Photo of Lee Hsien Loong and Mahathir from Facebook

Malaysia is currently stuck in a catch-22 situation: pay up RM500 million for terminating the High Speed Rail (HSR) project or incur a RM110 billion for continuing. Given its trillion RM national debt, the Malaysian government could not afford either.

Giving Singapore a RM500 million for free is out of the question, after all, Malaysia has to factor its own losses for terminating its local project developments.

The only solution is to postpone the HSR, until Malaysia’s finance improved. Or until Singapore has a change of government. Despite Singapore being a single-party dictatorship, the latter is a very real option. Lee Hsien Loong, this time, could no longer capitalise on his father’s influence to canvass for Singaporeans’ votes. With his open rebellion denying Lee Kuan Yew’s last will during the 38 Oxley Road saga, the old man’s supporters have in recent years openly critical of his effeminate son.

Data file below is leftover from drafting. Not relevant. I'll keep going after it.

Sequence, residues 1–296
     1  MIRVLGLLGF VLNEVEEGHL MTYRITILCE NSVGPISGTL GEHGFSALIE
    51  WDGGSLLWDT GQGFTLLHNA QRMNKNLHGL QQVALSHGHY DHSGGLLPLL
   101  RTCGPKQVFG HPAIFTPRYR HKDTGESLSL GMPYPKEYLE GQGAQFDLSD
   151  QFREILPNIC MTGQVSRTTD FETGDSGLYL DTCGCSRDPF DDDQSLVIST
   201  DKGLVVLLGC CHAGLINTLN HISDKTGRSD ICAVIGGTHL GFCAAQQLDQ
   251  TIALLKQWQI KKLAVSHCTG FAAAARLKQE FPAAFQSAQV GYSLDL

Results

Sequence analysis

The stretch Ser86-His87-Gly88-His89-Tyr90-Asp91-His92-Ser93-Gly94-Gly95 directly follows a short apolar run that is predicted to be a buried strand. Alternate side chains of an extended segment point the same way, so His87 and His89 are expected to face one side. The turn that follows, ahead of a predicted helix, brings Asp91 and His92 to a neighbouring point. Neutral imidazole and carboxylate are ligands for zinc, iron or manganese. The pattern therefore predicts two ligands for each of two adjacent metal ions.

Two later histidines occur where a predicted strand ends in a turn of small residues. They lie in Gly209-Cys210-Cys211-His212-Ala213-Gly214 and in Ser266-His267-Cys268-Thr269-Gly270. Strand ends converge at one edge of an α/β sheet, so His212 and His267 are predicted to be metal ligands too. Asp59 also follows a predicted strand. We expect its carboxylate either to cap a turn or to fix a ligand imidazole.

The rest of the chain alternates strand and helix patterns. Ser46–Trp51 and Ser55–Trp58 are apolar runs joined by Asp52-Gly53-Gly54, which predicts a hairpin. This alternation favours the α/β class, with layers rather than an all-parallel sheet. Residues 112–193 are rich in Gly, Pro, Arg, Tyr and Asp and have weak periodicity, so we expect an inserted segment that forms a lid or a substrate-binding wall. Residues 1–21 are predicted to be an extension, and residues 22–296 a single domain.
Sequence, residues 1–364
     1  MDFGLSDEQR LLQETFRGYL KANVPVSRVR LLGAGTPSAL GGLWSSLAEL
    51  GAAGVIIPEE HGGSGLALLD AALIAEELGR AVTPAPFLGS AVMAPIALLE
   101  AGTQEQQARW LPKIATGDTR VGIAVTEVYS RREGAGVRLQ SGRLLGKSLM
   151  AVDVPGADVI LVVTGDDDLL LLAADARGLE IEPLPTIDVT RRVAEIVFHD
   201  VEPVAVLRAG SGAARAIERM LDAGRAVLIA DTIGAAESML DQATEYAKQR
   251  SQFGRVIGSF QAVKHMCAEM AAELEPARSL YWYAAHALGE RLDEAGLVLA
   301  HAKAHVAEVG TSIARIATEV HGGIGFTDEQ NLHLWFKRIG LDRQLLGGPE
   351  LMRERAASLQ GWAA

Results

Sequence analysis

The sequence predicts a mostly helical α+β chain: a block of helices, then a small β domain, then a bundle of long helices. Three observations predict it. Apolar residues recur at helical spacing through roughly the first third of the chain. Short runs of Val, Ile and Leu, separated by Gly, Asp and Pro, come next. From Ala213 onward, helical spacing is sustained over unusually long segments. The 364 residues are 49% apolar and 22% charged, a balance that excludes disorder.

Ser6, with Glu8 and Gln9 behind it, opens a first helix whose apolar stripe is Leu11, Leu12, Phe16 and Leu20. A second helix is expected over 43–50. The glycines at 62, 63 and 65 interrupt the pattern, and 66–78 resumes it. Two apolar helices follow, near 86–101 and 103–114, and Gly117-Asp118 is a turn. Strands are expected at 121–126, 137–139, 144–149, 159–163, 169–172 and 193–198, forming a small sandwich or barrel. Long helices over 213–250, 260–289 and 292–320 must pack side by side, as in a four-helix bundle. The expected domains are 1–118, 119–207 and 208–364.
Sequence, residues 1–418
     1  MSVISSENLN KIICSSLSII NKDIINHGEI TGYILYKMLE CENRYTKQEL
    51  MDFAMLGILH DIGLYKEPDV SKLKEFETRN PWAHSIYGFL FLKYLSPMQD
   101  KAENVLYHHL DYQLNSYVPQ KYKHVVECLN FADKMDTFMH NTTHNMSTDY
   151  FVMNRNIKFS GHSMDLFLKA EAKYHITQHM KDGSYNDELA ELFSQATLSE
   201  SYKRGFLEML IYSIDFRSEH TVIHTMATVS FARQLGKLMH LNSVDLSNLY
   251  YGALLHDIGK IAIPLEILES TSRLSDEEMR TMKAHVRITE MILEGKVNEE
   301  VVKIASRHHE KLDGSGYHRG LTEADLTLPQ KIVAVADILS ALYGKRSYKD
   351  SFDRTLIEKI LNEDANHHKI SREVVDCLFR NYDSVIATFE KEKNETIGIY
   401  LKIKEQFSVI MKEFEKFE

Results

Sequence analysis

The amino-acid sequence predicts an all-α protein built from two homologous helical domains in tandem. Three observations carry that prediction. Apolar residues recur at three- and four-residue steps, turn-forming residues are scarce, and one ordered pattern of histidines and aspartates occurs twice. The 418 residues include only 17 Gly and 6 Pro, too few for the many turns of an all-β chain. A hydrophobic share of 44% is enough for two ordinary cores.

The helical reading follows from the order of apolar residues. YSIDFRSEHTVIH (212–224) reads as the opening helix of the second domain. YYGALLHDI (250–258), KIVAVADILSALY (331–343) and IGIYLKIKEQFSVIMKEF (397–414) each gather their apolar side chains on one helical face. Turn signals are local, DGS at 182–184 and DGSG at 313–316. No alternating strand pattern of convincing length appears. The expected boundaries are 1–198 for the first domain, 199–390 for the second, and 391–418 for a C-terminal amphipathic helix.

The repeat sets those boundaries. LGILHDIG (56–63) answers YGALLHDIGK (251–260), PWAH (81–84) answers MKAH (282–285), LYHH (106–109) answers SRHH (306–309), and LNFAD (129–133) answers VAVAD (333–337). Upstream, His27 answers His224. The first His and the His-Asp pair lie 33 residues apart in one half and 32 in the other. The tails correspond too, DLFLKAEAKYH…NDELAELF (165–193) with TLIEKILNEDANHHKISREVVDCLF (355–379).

A new Singapore government would not play “hard ball” with Malaysia as the ruling party PAP does currently. The compensation clause can be renegotiated with greater empathy on Malaysia’s finance and also an opportunity for Singapore to mend ties with Malaysia after Lee Hsien Loong literally made an enemy out of his neighbour.

Singapore’s incumbent Prime Minister Lee Hsien Loong has a personal feud with Malaysia’s PM Mahathir Mohamad. Aside from taking revenge for his friend Najib Razak who has been arrested for corruption, Lee Hsien Loong wants to “get back” at his late father’s long-time nemesis. This is why the he is insistent on making Malaysia pay up more than the contracted RM500 million.

The next Singapore general elections is due by 2021, but state media Straits Times have earlier speculated that it would be 2019 as the election clashes with an unpopular GST tax increase. Malaysia’s Mahathir Mohamad has earlier commented that Singaporeans, like Malaysian voters, are tired of having the same government and they may emulate Malaysia’s regime change.

With a new government, Singapore could see itself starting to catch up with Malaysia on democratic progress, and healing the strained relationships with major trading partners like China.